Namibia

Morning light

Our wheels are pointed dead south for Capetown.  The barren and desolate landscape of the Namib Desert and the dunes at Sossusvlei have restored the WOW factor to the Tour.  All is as it should be, except for a growing feeling of dread that this will all end soon.  

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The final section of the Tour d’Afrique

 

TDA calls the final section of the Tour Dunes and Atlantic.  It began in Windhoek, easily the most modern looking city we have encountered in Africa. New roads are under construction and housing projects are climbing the many hills that comprise the city. We dined in fashionable eateries on delicious game meat (kudu, gemsbok and oryx), washed it down with South African wines and paid prices comparable to home. The group suffered a stolen phone and a shakedown for cash in a city where gated communities speak to the wealth disparity in a country with among the largest diamond and uranium deposits in the world and a thriving tourist industry.  A 4 year drought has certainly contributed to high rates of unemployment and poverty. Africa is ground zero for the haves and the have nots.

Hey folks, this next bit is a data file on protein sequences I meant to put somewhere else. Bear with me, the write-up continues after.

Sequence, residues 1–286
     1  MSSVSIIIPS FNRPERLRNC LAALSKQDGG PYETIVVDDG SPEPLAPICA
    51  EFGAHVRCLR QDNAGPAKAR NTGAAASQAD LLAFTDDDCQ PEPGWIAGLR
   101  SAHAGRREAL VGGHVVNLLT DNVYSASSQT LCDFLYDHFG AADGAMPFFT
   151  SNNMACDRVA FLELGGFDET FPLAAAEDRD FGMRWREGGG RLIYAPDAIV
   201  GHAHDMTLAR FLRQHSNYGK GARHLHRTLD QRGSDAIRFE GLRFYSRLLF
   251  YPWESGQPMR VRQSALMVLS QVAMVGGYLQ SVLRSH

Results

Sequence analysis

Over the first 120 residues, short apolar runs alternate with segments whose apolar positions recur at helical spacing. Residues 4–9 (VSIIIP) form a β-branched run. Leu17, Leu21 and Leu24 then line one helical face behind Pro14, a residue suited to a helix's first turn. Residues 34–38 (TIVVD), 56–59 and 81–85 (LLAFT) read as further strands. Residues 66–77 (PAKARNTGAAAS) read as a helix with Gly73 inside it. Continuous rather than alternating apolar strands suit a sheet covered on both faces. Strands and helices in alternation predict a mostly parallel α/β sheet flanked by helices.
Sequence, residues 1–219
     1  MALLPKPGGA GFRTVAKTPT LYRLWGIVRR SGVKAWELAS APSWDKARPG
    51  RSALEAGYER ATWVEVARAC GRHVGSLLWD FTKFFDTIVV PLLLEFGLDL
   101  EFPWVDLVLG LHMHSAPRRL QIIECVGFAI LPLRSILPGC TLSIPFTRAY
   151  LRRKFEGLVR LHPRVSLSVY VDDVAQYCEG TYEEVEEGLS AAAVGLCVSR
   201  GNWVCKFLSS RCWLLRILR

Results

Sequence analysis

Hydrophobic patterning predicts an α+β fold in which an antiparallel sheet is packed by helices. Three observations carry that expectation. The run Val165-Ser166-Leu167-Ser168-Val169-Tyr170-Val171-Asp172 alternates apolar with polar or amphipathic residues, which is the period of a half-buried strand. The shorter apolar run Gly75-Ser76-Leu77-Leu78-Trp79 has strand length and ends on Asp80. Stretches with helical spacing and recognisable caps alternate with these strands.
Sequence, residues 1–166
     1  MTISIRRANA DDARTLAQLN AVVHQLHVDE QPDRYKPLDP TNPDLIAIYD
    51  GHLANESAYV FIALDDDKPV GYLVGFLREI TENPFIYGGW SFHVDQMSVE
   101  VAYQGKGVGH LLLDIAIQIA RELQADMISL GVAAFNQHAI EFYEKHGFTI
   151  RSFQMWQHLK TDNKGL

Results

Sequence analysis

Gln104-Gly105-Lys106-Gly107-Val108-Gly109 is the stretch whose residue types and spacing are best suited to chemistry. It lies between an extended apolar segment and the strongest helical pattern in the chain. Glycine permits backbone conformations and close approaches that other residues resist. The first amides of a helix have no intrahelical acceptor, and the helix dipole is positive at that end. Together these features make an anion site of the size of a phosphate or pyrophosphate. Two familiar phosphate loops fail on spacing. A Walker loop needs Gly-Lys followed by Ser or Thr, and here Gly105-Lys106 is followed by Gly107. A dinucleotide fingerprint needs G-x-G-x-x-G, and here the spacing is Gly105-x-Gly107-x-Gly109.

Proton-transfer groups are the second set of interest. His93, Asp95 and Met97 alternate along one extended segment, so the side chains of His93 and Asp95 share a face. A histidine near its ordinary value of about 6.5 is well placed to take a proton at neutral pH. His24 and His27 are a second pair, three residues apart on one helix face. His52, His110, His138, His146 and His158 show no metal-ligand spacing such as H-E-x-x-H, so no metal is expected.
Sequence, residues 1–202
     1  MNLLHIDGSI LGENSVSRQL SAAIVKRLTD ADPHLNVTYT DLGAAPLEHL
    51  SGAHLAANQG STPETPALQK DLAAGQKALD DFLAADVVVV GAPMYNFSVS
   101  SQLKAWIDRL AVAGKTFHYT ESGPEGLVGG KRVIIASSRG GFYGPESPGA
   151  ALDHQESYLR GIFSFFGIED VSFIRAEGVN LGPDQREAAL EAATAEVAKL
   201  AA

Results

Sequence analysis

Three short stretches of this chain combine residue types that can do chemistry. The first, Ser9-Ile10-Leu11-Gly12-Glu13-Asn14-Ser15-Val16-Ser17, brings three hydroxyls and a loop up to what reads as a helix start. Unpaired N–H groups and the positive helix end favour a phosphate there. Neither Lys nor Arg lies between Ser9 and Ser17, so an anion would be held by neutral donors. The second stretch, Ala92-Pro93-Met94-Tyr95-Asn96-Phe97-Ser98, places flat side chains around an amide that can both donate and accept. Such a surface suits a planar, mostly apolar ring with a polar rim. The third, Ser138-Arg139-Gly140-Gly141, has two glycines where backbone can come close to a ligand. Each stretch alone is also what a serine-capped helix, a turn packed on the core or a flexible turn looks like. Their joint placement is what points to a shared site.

30 km out of Windhoek we hit what will eventually total 891 km of dirt and gravel. Crossing the central Namibian plateau and eventually descending into the Namib desert after an epic 400 meter descent at Spreetshoogte Pass, in short order we experienced the the highs and lows of cycle touring.  A 124 km ride into the town of Solitaire was one of the most exhilarating riding days of the trip. The highland scenery is reminiscent of Tucson minus the Saguaro cacti: the surrounding mountains cast in a rust colored hue as the new day dawns, giving way to ominous shadows as they become backlit with the shifting sun. The desert presented apricot colored dunes, dry pans and heat.  Temperatures were 10 degrees cooler than the mid 40’s of Sudan, but there we had smooth surfaces to ride on.  The roads themselves were rough, serving up stretches of deep sand to power through, bone jarring corrugation, but enough interludes of hard packed surfaces to allow us to make reasonable time on relatively fresh legs.  It was a day during which the surroundings masked the strain, reminiscent of Ethiopia where at times we “could not pedal slowly enough”, a day like others in the deserts of Arizona and Texas which have us turning circles with the GoPro to capture on film 360 degrees of wide open space without a hint of civilization, save for the road.